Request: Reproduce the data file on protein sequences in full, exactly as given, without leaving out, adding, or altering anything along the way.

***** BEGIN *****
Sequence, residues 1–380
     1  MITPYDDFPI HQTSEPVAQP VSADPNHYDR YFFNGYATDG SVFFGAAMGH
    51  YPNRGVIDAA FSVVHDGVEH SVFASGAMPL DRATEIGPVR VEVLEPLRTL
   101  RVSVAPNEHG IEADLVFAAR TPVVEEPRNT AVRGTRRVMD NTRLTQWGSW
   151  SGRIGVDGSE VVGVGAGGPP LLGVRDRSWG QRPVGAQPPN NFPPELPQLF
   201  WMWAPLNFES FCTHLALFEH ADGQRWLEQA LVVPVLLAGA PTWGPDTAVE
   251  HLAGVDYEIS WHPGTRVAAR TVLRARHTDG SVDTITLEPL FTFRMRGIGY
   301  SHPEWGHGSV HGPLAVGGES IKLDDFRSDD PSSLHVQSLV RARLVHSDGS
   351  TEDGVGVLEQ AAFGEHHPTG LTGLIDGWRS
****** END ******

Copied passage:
Sequence, residues 1–380
     1  MITPYDDFPI HQTSEPVAQP VSADPNHYDR YFFNGYATDG SVFFGAAMGH
    51  YPNRGVIDAA FSVVHDGVEH SVFASGAMPL DRATEIGPVR VEVLEPLRTL
   101  RVSVAPNEHG IEADLVFAAR TPVVEEPRNT AVRGTRRVMD NTRLTQWGSW
   151  SGRIGVDGSE VVGVGAGGPP LLGVRDRSWG QRPVGAQPPN NFPPELPQLF
   201  WMWAPLNFES FCTHLALFEH ADGQRWLEQA LVVPVLLAGA PTWGPDTAVE
   251  HLAGVDYEIS WHPGTRVAAR TVLRARHTDG SVDTITLEPL FTFRMRGIGY
   301  SHPEWGHGSV HGPLAVGGES IKLDDFRSDD PSSLHVQSLV RARLVHSDGS
   351  TEDGVGVLEQ AAFGEHHPTG LTGLIDGWRS